Golden Pig Diary: A wet day in Dublin.

The below is simply a diary entry, no places times or predictions.
From now we plan to put out one of these diaries around the middle of each month.
A bulletin that will include times, places and predictions will generally come to you at the beginning of each Chinese month.
We hope that pleases you
. Do let us know. Or not.

Golden Pig Diary: A wet day in Dublin.

Dora used to be an on-line psychic. She has hung up her crystal ball now but back in the day she was a hotline to the world of shadows. She has been my client a long time. She’s no longer young but she’s still as sharp as a Stanley knife when she chooses to be.

She lives in Shropshire. So I’m on my way to her today by way of the IQ test that is Birmingham New Street. The station is like a hall of mirrors, glass walls preventing anyone without a helicopter moving from platform to platform. I notice a coffee shop claiming their brews are “temperature profiled”. Good to know. But even if I still drank coffee, it’s tantalisingly out of reach. I find myself pressed up against a glass barrier like the cover of David Bowie’s “Lodger”. I imagine this is how a rat feels in a maze. I have ten minutes to change trains. I just make it. I guess a rat would do it quicker.

The first time Dora called me in was because she was plagued by disembodied spirits. Occupational hazard, I guess. Restless entities and unbalanced energy were her stock in trade. But it was getting uncomfortable. Could I move them out of the house? Well of course; a little mumbo jumbo and Bob’s your uncle. Two weeks later she called to complain that business was very slow.

That’s Dora.

Early in our acquaintance we established that her marriage had not been a success.

“He wasn’t kind to me,” she told me and paused a moment and sniffed. Then she made some tea and offered me a toasted teacake.

Her ba zi suggested her husband had been both unreliable and deceitful. Mo yuk over loy hong in the Day Pillar, if you understand these things. She’s been alone since she kicked him out. At first she seemed such a sad and bitter old thing but I tinkered with the house over time and made her laugh once or twice and things settled.

Frankly that wasn’t a great house, set halfway up a windswept incline and overlooking strip-mined hills. There are many such settlements along the Welsh Borders: three or four terraced Nessa-and-Stacey streets between summits limp with straggly grass and loose pebbles, the Dragon seed – loong mai – long exhausted.

Technically Dora belongs to what is called the East Group. This means she’s best suited to a house that backs onto South, North, East or South East. That house apart from anything else backed onto the North East, so it wasn’t much help. I gave her some guidance as to what to look for next: level ground, height behind, lesser height either side, open space in front and so on.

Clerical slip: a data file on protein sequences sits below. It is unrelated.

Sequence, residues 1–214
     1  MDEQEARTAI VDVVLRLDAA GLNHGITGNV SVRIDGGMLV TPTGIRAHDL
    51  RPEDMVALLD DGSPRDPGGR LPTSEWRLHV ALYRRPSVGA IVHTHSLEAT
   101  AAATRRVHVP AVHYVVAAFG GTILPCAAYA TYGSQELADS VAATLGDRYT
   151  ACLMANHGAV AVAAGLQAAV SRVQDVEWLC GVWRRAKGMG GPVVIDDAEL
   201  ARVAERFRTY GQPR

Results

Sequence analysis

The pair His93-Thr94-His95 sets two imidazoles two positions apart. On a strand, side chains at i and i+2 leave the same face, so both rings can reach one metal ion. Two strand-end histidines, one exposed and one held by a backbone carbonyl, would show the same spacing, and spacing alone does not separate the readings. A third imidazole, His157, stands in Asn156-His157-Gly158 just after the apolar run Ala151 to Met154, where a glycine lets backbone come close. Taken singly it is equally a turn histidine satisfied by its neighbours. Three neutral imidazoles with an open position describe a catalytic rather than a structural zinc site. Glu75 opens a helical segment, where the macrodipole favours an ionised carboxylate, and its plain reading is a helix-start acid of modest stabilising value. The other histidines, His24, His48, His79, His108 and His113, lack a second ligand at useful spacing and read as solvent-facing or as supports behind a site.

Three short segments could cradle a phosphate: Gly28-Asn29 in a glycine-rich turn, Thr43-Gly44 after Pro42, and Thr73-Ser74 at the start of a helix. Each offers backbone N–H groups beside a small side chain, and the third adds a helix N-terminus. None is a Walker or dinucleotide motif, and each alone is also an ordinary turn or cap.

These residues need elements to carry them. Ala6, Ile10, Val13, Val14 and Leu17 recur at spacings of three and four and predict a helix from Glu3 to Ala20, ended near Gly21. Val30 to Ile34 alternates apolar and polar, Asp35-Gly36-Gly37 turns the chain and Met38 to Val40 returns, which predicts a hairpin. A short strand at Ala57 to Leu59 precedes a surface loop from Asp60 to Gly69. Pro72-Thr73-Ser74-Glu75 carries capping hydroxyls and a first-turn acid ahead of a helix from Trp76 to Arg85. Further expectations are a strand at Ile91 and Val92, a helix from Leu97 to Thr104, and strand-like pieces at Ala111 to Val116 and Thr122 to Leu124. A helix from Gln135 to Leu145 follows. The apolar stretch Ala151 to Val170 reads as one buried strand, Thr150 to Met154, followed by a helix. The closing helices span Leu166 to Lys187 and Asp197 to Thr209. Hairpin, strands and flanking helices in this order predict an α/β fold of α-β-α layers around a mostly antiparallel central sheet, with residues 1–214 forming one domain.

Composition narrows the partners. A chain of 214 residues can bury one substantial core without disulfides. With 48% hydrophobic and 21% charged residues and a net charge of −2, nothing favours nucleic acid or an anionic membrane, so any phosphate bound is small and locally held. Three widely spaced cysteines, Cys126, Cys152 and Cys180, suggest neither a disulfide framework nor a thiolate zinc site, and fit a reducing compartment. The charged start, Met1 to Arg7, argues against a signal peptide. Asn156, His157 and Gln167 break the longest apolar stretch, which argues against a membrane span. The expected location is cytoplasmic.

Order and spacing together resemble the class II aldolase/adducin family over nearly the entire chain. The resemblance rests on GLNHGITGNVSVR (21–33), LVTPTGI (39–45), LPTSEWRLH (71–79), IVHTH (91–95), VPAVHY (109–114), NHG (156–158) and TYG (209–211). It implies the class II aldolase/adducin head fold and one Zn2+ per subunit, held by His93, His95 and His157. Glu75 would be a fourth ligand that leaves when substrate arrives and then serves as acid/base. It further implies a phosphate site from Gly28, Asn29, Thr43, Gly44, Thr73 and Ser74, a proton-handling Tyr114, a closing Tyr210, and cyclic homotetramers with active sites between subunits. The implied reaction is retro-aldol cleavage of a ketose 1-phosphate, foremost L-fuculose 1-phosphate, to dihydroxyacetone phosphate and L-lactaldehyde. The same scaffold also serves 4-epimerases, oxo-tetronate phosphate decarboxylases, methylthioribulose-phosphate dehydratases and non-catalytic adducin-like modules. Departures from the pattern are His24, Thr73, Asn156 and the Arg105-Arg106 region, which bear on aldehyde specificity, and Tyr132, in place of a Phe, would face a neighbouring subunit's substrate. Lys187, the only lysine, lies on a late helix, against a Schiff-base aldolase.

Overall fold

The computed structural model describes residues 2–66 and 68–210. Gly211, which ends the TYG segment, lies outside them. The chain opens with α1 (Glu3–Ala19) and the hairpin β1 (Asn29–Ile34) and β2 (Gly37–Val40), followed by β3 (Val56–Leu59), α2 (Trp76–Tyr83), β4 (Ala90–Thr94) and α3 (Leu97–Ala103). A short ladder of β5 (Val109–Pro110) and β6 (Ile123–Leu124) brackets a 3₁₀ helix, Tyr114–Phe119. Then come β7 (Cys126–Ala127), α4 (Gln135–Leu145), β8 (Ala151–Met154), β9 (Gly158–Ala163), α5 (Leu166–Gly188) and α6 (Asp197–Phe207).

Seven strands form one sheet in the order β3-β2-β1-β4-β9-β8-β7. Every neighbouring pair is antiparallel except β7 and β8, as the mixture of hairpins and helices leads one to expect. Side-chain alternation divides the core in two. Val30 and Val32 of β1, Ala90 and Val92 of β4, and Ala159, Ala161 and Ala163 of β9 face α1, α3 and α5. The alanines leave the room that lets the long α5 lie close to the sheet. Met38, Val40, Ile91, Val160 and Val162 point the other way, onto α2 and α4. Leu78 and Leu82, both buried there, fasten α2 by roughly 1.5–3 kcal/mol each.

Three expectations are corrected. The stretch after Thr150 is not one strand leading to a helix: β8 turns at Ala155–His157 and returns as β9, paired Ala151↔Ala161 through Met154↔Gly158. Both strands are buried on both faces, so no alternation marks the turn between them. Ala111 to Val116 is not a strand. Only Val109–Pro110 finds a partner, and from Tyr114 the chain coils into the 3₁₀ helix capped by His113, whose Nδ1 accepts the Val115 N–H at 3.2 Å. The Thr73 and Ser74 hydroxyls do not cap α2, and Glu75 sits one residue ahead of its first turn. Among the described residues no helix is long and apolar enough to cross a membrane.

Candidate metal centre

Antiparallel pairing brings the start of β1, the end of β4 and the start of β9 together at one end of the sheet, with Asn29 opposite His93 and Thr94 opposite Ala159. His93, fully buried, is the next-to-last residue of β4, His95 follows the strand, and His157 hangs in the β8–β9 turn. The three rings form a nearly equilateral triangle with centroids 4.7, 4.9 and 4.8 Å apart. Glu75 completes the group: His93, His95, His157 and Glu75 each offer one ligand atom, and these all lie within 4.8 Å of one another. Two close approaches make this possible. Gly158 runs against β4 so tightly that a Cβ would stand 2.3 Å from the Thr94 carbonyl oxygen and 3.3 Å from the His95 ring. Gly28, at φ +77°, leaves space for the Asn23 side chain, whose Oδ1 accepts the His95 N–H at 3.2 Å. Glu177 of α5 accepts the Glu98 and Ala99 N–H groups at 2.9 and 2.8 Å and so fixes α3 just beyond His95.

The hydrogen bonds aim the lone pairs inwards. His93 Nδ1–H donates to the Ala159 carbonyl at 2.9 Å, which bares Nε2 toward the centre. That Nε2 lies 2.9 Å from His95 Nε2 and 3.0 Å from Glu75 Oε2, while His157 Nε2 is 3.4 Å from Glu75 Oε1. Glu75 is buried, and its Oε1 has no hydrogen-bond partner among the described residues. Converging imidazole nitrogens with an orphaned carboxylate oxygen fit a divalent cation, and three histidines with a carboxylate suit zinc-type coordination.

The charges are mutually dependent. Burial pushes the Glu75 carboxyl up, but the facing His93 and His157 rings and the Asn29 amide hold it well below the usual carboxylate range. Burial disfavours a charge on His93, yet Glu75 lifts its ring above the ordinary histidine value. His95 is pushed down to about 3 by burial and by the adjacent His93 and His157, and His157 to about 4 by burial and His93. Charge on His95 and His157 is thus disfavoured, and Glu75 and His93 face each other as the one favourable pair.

“And for you, it should face South3.”

“It should face South?”

“Yes, but a few degrees clockwise of due South.”

“That’s South West.”

“Imagine a compass broken up into twenty-four equal sections.”

She screws up her face.

“That’s not easy.”

I draw her a circle showing the twenty-four sections.

“There you are, each compass point covers three sections or “mountains”.”

She frowns.

“So South consists of South1, just anticlockwise of due South, due South (that is South2) and South3 just clockwise of due South. South 3, that’s the direction you want to face.”

“That’s South West.”

So she moved. To this nightmare. Needless to say she didn’t run it past me before she purchased. Two years on I’m down here to assess it.

She is as you may have gleaned, headstrong and er…parsimonious. And this second house (which actually faces North East) may be the worst I’ve ever seen. It’s on flat lifeless ground, plagued with maggots and stroppy neighbours. There are high windows next door which overlook her bedroom – technically Peeping Qi – and a catalogue of more subtle flaws.

“What’s wrong with it?” she asks me for the fifth time at least. She winces at the pain from recent orthodontistry following a hip operation. It wouldn’t take clairvoyance to suspect there’s a health issue here. She often appears aggressive which I put down to her various ailments. And loneliness.

“I’m sleeping in the direction you told me to,” she complains.

“I guess that’s not enough,” I say.

We sit outside in the sun, batting away horse-flies and look at the lifeless flat land stretching a dozen miles beyond her back garden. The rear of the house wants the support of height. No help there. Or anywhere.

Historically the feng shui man’s task was to place the building appropriately in the landscape. But these days of course most of my job is compensating for houses that are all wrong: a Water fountain here, a windchime there and I can make most places habitable. Not this one. As the man said, If I were you I wouldn’t start from here.

She agrees to look for another.

“South3,” I remind her. “Ding is the Chinese name. Between 187½˚ and 202½˚South, slightly West of South.”